Ambivalence towards Jaguar’s Sixties Supermodel is as old as the E-Type itself.
The problem when approaching time-honoured and much-loved cultural touchstones is that as their mythology develops, layers of symbolism and exaggerated lore build up like barnacles upon the hull of a sunken craft until the object itself becomes obscure, indistinct; the legend eventually overtaking reality.
Certainly, the cult status of the Jaguar E-Type has morphed to that of venerable sainthood – its position as all-time investment-grade classic seemingly inviolate for the rest of time. So much so, that to pass critical comment of almost any stripe nowadays seems an act of subversion – or at the very least, wilful iconoclasm.
But as we mark sixty years since the car’s ecstatic introduction to the press at the Parc des Eaux-Vives in Geneva on March 15th 1961, we owe both car and creators a clear-eyed assessment without hefting the associated baggage of myth and legend which has accumulated in the intervening decades.
What is it about the E-Type that makes it stand above so many others, and can its appeal be boiled down as simply a case of shape and wonder? The curators of New York’s Museum of Modern Art apparently thought so, an early example forming part of their permanent collection for decades now. View a first-series E in the wild today and despite the obvious proportional inconsistencies, it remains a marvellous looking and surprisingly dainty thing.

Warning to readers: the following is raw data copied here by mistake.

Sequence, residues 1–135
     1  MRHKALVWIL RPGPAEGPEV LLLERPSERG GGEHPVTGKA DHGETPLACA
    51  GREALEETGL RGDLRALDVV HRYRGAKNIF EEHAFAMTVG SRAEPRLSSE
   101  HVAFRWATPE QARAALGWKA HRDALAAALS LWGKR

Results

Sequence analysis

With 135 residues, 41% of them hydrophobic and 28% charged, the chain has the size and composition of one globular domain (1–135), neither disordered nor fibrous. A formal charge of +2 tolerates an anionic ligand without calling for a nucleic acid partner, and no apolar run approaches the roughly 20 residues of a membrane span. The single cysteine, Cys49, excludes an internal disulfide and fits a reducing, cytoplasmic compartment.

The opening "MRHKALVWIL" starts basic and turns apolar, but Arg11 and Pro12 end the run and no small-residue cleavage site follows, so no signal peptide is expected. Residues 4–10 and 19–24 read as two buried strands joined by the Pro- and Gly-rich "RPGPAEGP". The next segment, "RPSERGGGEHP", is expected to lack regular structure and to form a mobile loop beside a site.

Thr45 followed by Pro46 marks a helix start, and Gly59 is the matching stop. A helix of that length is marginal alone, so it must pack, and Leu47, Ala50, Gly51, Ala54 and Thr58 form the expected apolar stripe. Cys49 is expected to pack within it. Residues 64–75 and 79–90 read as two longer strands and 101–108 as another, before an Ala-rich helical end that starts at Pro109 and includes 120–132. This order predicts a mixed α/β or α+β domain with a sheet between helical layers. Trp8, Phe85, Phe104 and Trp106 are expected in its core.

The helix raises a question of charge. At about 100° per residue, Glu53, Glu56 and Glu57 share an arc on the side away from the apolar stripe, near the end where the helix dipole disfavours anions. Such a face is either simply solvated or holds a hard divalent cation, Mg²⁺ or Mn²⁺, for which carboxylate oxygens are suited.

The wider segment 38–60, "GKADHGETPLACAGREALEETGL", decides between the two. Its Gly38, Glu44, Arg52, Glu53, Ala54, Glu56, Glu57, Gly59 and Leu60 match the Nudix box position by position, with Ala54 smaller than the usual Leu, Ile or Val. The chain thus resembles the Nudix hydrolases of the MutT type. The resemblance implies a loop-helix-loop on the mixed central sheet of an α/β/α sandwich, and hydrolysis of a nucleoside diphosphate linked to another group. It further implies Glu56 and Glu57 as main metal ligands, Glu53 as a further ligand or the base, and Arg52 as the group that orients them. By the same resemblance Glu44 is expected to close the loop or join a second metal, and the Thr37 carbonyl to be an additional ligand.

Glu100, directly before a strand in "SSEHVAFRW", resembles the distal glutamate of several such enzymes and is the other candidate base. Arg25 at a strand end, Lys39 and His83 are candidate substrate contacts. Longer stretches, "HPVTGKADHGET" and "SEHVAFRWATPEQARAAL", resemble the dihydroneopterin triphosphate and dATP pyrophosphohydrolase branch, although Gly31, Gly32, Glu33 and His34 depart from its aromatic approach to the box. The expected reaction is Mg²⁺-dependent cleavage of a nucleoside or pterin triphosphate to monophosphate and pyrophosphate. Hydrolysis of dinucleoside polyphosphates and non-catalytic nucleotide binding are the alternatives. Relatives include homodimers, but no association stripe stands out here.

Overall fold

But assuming there is more to the E than simply a voluptuous form, where does that depth reside? Certainly, it is not hyperbole to suggest that both it and its Mercedes-Benz 300SL contemporary were amongst the first genuine supercars – this side of more frangible hand-built Modenese confections at least. But unlike Sindelfingen’s masterpiece, the E offered for the first time the kind of performance and active safety, hitherto the sole preserve of the super-rich, at a price the merely affluent could afford.
As such it was at the forefront of the democratisation of speed, and (to an extent) the social levelling which took place across much of the developed world at the time. So in this sense at least it was perhaps yang to the Mini’s Ying. But nonetheless, ambivalence towards the Swinging Sixties icon, while perhaps understandable, is neither new, nor confined to those shut outside of its increasingly rarefied purview.
Because those impervious to the allure of the E-Type are in rather well-placed company. How does Jaguar founder, CEO and éminence grise, Sir William Lyons grab you? Not impressed? Try (then) chief development engineer, Bob Knight for size then – the latter considering it, I’m reliably informed, as being something akin to a four-wheeled motorcycle.